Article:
ing to the d e v e l o p m e n t of the slide has its b e g i n n i n g with the formation of the r o c k itself, when its basic properties are d e t e r m i n e d and includes all the subsequent events of crustal m o v e m e n t , erosion and weathering (Varnes, 1978). Table 2 : Landslide Report Section on Landslide Causal Factors. Example for the Hudson Slide (Terzaghi, 1950). Preparatory causal factors: 4.2. 4.7 Triggering causal factors : 3.3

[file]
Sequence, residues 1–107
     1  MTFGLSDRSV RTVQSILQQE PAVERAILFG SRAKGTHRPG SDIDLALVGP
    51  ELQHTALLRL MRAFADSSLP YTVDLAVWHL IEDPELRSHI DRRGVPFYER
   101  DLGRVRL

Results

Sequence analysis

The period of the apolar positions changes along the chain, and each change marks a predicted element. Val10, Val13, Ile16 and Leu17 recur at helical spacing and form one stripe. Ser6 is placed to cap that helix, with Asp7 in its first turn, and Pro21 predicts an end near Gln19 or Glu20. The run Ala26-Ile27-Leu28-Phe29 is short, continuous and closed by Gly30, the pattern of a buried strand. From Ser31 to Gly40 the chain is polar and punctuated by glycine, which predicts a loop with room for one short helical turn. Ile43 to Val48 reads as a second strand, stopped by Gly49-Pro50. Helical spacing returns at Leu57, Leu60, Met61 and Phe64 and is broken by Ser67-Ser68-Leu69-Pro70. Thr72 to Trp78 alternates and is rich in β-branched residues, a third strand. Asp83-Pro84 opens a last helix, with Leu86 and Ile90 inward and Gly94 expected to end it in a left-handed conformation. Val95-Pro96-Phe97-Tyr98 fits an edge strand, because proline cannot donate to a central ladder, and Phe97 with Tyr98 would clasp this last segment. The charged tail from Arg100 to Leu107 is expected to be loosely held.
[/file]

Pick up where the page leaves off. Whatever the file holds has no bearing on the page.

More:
The c o m p u t e d value of the f a c t o r of safety is a clear and simple distinction b e t w e e n stable and unstable slopes. H o w e v e r , from the p h y s i c a l point of view, it is better to visualize slopes e x i s t i n g in one of the f o l l o w i n g three stages : stable, m a r g i n a l l y stable and actively unstable (Crozier, 1986). Stable s l o p e s are those where the margin of stability is s u f f i c i e n t l y high to withstand all destabilising forces. M a r g i n a l l y stable slopes are those which will fail at some time in response to the destabilising forces attaining a c e r t a i n level of activity. Finally, a c t i v e l y unstable s l o p e s are those in which destabilising forces produce c o n t i n u o u s or intermittent movement. The three stability stages p r o v i d e a useful f r a m e w o r k for understanding the causal factors of landslides and classifying them into two g r o u p s on the basis of their function (Fig. 1) : 1. Preparatory causal factors w h i c h make the slope susceptible to m o v e m e n t w i t h o u t actually initiating it and thereby tending to place the s l o p e in a marginally stable state. 2. T r i g g e r i n g causal factors w h i c h initiate m o v e m e n t . These causal factors shift the slope from a m a r g i n a l l y stable to an actively unstable state. A particular causal factor m a y perform either or both functions, d e p e n d i n g on its d e g r e e of activity and the margin of stability. A l t h o u g h it may be possible to identify a single triggering process, an e x p l a n a t i o n of ultimate causes of a landslide invariably i n v o l v e s a number of preparatory conditions and processes. B a s e d on their temporal variability, the destabilising p r o c e s s e s may be grouped into slow changing (e.g. w e a t h e r i n g , erosion) and fast changing processes (e.g. earthquake, d r a w d o w n ) . In the search for landslide causes, attention is often focused on those processes within the slope s y s t e m which p r o v o k e the greatest rate of change. A l t h o u g h slow changes act o v e r a long period o f time to r e d u c e the resistance/shear stress ratio, often a fast c h a n g e can be identified as having triggered m o v e m e n t . 3. A n operational approach to the classification o f l a n d s l i d e causal factors B e c a u s e landslide cause a s s e s s m e n t is c o m p l e x and landslides are not always i n v e s t i g a t e d in great detail, it